Let me fix you a plate A tale of two kitchens

Elizabeth Lilly

Book - 2021

A girl describes her family's annual visit with Mamaw and Papaw in West Virginia, then Abuela and Abuelo in Florida, especially the foods and cultural elements that make each kitchen unique.

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Picture books
New York : Neal Porter Books/Holiday House [2021]
First edition
Physical Description
1 volume (unpaged) : color illustrations ; 23 x 29 cm
Ages 4-8
Grades K-1
Main Author
Elizabeth Lilly (author)
Review by Booklist Review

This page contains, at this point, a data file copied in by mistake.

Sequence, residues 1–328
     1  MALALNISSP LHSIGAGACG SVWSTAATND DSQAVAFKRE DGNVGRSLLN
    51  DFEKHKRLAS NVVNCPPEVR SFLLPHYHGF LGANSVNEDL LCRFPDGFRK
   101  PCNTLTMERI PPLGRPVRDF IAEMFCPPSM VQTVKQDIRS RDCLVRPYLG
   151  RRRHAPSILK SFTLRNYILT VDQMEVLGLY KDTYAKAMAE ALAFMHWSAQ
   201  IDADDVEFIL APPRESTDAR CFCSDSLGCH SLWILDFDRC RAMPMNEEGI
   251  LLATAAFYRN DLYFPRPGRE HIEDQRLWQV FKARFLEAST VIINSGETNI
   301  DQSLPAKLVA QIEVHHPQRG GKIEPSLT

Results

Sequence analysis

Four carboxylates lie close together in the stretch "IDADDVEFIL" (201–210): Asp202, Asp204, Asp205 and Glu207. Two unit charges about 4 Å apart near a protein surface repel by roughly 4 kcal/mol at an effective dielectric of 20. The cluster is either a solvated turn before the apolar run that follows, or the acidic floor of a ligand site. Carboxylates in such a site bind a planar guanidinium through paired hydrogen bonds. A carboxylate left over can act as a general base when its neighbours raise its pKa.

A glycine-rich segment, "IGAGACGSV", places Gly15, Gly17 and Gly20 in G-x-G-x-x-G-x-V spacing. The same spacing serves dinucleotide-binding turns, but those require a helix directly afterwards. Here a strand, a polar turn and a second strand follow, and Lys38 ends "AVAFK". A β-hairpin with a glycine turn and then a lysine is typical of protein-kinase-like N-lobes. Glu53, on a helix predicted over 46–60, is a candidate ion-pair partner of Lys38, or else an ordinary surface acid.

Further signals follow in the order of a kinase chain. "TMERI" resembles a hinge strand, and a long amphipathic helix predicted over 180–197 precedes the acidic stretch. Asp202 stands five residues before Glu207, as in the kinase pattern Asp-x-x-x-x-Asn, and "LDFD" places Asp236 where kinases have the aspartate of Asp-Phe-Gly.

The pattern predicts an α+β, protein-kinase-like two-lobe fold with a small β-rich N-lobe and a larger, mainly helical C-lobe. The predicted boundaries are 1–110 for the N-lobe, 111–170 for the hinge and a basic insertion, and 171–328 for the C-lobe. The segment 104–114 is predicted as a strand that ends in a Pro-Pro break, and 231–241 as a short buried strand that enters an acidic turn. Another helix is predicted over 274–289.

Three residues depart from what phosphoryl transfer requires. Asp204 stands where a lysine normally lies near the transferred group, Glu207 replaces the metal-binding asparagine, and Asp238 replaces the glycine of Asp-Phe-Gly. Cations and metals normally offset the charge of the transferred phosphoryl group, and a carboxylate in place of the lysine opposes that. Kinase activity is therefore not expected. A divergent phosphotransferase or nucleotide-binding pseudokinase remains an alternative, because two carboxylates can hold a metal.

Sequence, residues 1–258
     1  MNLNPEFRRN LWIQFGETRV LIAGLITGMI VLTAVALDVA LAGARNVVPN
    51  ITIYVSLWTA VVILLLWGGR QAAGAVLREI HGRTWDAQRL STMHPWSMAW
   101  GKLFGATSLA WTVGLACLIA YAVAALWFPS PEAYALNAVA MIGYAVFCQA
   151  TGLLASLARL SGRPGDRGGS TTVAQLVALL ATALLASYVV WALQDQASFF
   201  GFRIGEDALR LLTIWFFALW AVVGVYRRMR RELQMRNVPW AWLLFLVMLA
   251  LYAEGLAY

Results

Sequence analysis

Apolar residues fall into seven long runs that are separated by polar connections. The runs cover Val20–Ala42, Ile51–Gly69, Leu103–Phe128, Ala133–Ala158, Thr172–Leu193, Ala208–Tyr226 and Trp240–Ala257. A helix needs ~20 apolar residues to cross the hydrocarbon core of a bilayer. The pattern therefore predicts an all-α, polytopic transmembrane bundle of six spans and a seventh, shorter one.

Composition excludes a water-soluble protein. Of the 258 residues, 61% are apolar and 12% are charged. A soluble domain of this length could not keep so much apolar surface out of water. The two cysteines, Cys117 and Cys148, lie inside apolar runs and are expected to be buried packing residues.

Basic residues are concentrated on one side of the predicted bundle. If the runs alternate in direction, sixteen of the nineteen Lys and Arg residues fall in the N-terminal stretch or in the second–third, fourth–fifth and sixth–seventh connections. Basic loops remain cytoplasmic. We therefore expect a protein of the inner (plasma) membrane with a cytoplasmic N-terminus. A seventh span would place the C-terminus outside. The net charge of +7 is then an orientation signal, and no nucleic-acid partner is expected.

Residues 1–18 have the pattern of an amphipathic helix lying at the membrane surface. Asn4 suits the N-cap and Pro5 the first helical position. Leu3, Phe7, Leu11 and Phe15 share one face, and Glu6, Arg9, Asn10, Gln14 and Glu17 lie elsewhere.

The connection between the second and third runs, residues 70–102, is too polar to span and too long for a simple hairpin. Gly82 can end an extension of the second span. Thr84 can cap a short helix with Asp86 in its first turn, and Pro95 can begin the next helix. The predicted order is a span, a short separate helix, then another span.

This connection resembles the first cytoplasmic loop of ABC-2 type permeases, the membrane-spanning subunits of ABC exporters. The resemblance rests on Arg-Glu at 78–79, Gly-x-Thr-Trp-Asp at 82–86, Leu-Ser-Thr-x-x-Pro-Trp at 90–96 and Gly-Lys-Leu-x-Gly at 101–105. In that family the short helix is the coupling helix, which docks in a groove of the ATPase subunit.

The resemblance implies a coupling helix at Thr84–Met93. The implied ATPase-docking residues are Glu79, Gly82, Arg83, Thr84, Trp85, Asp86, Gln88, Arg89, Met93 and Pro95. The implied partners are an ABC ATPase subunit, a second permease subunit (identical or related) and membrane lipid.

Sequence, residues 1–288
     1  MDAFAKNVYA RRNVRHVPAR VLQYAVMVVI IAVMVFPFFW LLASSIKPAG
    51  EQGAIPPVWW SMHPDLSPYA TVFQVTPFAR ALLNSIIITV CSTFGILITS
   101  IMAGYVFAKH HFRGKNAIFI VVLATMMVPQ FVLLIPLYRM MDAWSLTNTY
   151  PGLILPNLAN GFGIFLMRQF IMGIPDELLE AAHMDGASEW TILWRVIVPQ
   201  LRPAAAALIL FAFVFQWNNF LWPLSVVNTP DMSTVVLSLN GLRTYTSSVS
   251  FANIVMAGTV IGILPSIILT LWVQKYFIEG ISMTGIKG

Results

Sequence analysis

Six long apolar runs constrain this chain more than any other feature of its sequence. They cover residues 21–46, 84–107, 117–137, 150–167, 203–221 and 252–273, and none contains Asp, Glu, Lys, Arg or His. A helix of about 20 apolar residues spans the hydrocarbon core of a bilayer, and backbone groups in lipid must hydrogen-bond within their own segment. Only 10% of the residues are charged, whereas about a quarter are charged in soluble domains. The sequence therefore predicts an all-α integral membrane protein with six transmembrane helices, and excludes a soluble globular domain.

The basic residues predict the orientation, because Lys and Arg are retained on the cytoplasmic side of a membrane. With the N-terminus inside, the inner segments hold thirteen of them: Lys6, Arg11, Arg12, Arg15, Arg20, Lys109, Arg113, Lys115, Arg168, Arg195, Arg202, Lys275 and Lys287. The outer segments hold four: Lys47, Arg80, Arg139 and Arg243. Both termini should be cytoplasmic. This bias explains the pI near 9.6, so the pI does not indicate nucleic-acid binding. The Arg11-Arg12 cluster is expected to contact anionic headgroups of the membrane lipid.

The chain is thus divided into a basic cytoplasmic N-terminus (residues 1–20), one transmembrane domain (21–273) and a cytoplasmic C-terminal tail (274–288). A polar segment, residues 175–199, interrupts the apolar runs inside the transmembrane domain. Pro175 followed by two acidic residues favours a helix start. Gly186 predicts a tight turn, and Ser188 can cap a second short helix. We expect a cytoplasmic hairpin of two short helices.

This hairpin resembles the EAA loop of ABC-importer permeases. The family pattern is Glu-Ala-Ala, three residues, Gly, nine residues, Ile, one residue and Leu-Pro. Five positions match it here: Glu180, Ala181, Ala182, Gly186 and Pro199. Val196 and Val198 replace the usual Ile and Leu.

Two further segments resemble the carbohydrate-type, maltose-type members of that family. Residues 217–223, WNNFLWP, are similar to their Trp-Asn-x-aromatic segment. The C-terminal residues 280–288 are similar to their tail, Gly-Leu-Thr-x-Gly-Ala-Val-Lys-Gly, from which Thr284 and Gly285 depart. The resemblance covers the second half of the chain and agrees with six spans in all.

A weeklong family road trip begins with a Friday-evening drive to Dad's parents in West Virginia, where plates of Mamaw's food await the tired travelers. For the next three days, Mamaw's kitchen is the hub of activity for conversation, coffee, and banana pudding. From there, the family to visit Mom's parents and other relatives in Florida. Abuela offers them a midnight feast of tostones, arroz, and flan. The next day they pick oranges, fry corn-flour cakes, and learn some Spanish; evenings are filled with food, drink, and dancing. After a long drive home, the family snacks on midnight waffles before drifting off to sleep. Drawing from her own childhood growing up in a mixed family, Lilly's celebration of kinfolk emphasizes the role food plays in demonstrating love, transmitting culture, and cementing happy memories. The brightly colored illustrations in pen and ink, colored pencil, and marker depict the many and varied personalities in this group and include many setting details, such as Mamaw's cat plates and Abuelo's frog figurines. The endpapers visually encapsulate the story (roads from home to West Virginia in the front, from Florida to home at the back) and several spreads depict activity both inside and outside the house. Pleasingly lyrical and quirky, Lilly demonstrates the lasting potential of the family road trip.